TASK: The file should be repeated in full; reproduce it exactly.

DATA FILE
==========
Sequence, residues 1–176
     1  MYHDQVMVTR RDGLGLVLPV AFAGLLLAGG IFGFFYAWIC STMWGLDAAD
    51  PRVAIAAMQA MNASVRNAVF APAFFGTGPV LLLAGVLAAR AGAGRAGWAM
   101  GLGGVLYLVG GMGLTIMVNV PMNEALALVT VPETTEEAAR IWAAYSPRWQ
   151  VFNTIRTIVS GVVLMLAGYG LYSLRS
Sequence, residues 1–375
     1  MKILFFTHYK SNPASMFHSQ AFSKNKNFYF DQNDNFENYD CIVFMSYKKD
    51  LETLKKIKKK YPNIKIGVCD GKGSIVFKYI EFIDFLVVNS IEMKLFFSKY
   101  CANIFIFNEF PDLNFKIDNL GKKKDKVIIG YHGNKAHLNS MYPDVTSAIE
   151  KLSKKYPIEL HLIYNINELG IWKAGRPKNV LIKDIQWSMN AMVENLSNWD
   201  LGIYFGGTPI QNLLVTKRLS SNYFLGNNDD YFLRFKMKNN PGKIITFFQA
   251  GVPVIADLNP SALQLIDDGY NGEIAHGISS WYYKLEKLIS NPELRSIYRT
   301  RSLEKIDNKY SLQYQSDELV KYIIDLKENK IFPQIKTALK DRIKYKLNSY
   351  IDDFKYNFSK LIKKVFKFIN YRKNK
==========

Sequence, residues 1–176
     1  MYHDQVMVTR RDGLGLVLPV AFAGLLLAGG IFGFFYAWIC STMWGLDAAD
    51  PRVAIAAMQA MNASVRNAVF APAFFGTGPV LLLAGVLAAR AGAGRAGWAM
   101  GLGGVLYLVG GMGLTIMVNV PMNEALALVT VPETTEEAAR IWAAYSPRWQ
   151  VFNTIRTIVS GVVLMLAGYG LYSLRS
Sequence, residues 1–375
     1  MKILFFTHYK SNPASMFHSQ AFSKNKNFYF DQNDNFENYD CIVFMSYKKD
    51  LETLKKIKKK YPNIKIGVCD GKGSIVFKYI EFIDFLVVNS IEMKLFFSKY
   101  CANIFIFNEF PDLNFKIDNL GKKKDKVIIG YHGNKAHLNS MYPDVTSAIE
   151  KLSKKYPIEL HLIYNINELG IWKAGRPKNV LIKDIQWSMN AMVENLSNWD
   201  LGIYFGGTPI QNLLVTKRLS SNYFLGNNDD YFLRFKMKNN PGKIITFFQA
   251  GVPVIADLNP SALQLIDDGY NGEIAHGISS WYYKLEKLIS NPELRSIYRT
   301  RSLEKIDNKY SLQYQSDELV KYIIDLKENK IFPQIKTALK DRIKYKLNSY
   351  IDDFKYNFSK LIKKVFKFIN YRKNK